The good news is that many counties in Idaho do not require a Certificate of Occupancy. For example, Idaho County and Boundary County do not require Certificates of Occupancies. You can legally live a primitive lifestyle in these areas.
Tiny Home Laws in Idaho
Idaho is one of the best states for living in tiny homes. It was the first State to adopt Appendix Q of the International Residential Code, which sets standards for homes under 400 square feet in size.
The home must still be at least 150 square feet to meet Idaho code. Most counties do not seem to have minimum dwelling sizes. However, they have minimum lot sizes, so building a tiny home on a small lot will likely be illegal.
Modular Home vs Manufactured Home
Idaho law differentiates between modular homes and manufactured homes. The main difference is that manufactured homes are built to HUD standards, whereas modular homes are built to state codes. Most tiny homes in Idaho with permanent foundations are treated as modular homes. Site-built homes are treated like other dwellings under the building code.
For manufactured and modular homes, you’ll need a foundation permit and permits for all on-site work (electrical, plumbing, mechanical, etc.). Manufactured homes also require an installation permit.
You can learn more about the laws on the DBS Manufactured Housing Page.
Living in an RV
If your home doesn’t have a permanent foundation, it will be considered an RV. Living in an RV in many rural parts of Idaho is legal. However, there are lots of restrictions.
For example, Jerome County only allows you to live in an RV on agricultural land, but you must get a permit after 60 days of residence per day. The lot must have at least 1 acre per RV and dwelling to obtain a permit and meet health authority requirements.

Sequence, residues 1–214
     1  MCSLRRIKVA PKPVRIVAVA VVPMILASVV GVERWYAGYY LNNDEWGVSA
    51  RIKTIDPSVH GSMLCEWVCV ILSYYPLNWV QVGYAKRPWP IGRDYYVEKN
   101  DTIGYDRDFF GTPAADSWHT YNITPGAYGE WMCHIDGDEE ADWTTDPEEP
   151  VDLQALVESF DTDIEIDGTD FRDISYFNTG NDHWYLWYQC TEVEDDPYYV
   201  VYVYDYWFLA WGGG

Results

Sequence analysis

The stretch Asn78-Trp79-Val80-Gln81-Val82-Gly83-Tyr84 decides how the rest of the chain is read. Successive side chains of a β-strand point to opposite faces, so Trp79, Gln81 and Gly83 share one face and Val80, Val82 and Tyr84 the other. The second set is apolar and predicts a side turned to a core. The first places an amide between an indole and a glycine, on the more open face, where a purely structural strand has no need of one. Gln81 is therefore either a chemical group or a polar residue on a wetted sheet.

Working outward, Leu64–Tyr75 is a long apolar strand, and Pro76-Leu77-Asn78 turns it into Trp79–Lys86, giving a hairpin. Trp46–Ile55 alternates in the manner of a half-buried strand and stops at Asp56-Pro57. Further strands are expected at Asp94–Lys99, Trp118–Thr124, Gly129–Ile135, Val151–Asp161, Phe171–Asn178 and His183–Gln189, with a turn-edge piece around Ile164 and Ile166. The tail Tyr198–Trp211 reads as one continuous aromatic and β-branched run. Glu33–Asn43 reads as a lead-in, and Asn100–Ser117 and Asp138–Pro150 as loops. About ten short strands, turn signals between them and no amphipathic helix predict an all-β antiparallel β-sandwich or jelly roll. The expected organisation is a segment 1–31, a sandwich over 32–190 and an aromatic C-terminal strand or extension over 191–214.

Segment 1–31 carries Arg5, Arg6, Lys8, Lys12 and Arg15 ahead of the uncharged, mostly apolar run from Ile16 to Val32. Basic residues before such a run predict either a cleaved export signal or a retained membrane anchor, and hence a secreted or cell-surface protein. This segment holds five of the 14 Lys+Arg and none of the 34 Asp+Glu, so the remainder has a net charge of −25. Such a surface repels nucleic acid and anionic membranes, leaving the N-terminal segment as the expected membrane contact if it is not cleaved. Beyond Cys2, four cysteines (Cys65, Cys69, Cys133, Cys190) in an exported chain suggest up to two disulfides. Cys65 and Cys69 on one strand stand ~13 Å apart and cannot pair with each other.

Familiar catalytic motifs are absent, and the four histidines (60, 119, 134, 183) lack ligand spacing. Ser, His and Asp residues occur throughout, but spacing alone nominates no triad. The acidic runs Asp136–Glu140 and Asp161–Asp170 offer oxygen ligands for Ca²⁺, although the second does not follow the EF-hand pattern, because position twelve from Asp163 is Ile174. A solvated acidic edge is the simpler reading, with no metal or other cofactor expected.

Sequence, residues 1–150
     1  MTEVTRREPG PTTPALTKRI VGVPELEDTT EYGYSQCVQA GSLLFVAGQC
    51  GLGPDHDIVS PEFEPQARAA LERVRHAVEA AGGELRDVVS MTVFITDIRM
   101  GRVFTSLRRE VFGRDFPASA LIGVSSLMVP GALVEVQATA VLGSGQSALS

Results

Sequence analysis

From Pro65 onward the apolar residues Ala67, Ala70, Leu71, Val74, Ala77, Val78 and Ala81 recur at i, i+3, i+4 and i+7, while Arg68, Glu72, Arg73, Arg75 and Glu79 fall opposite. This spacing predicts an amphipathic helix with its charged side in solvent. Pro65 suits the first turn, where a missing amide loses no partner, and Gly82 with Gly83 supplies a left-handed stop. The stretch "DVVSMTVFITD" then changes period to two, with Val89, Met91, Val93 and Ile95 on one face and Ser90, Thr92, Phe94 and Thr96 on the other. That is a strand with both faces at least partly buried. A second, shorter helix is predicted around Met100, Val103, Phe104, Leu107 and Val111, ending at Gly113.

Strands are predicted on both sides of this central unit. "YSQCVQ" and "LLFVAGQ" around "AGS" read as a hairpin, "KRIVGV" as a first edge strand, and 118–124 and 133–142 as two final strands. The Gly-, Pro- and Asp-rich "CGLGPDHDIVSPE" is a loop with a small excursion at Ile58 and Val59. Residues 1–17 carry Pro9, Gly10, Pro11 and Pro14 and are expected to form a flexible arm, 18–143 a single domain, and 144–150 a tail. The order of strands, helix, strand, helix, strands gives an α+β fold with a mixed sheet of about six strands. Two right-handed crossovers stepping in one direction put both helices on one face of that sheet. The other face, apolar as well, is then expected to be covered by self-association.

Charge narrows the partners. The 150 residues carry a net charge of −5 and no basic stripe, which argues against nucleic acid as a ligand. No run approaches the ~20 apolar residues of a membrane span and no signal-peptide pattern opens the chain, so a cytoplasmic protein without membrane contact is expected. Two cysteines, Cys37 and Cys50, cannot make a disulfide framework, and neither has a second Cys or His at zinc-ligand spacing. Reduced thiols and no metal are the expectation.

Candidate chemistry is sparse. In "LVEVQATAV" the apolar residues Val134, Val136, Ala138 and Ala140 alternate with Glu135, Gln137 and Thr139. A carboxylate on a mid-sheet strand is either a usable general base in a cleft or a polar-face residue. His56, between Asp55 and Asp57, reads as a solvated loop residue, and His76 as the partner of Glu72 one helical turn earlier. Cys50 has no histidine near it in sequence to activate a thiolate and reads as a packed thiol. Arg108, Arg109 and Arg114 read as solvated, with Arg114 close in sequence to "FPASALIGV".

You’ll need to check with each Idaho county to see whether their zoning laws and sanitation requirements allow living in an RV.
Off-Grid Electricity in Idaho
Off-grid electricity is legal in Idaho. Because many rural places in Idaho do not require a Certificate of Occupancy, it is even legal to live entirely without electricity. If you want off-grid electricity, you must meet the State Electrical Code. Getting a permit is very easy for solar.
Idaho is great for wind power compared to the rest of the USA. The State actively encourages wind power, and many areas have clear guidelines about permitting. You can learn more here.
Idaho currently offers low-interest loans for alternative energy systems. Learn more here.
Off-Grid Water Laws in Idaho
Getting enough water for your off-grid home in Idaho could be a problem. The State is often under severe or extreme drought. You may need permits and rights to use water, even on your own property.
Who Owns the Water in Idaho?
All water in Idaho – including groundwater – is considered to be the property of the State. The Idaho Department of Water Resources is responsible for supervising the use of the State’s water.
Water Rights Permits in Idaho
Idaho does not recognize riparian water rights – you do not automatically have the right to use water on or next to your property.
Instead, Idaho uses the rule of prior appropriations. This law, often called “first in time, first in right”, prioritizes whoever had water rights the longest. In times of drought, for example, senior water rights holders will get water before those who got water rights at a later date. If the water runs out, later water rights holders might not get any water at all.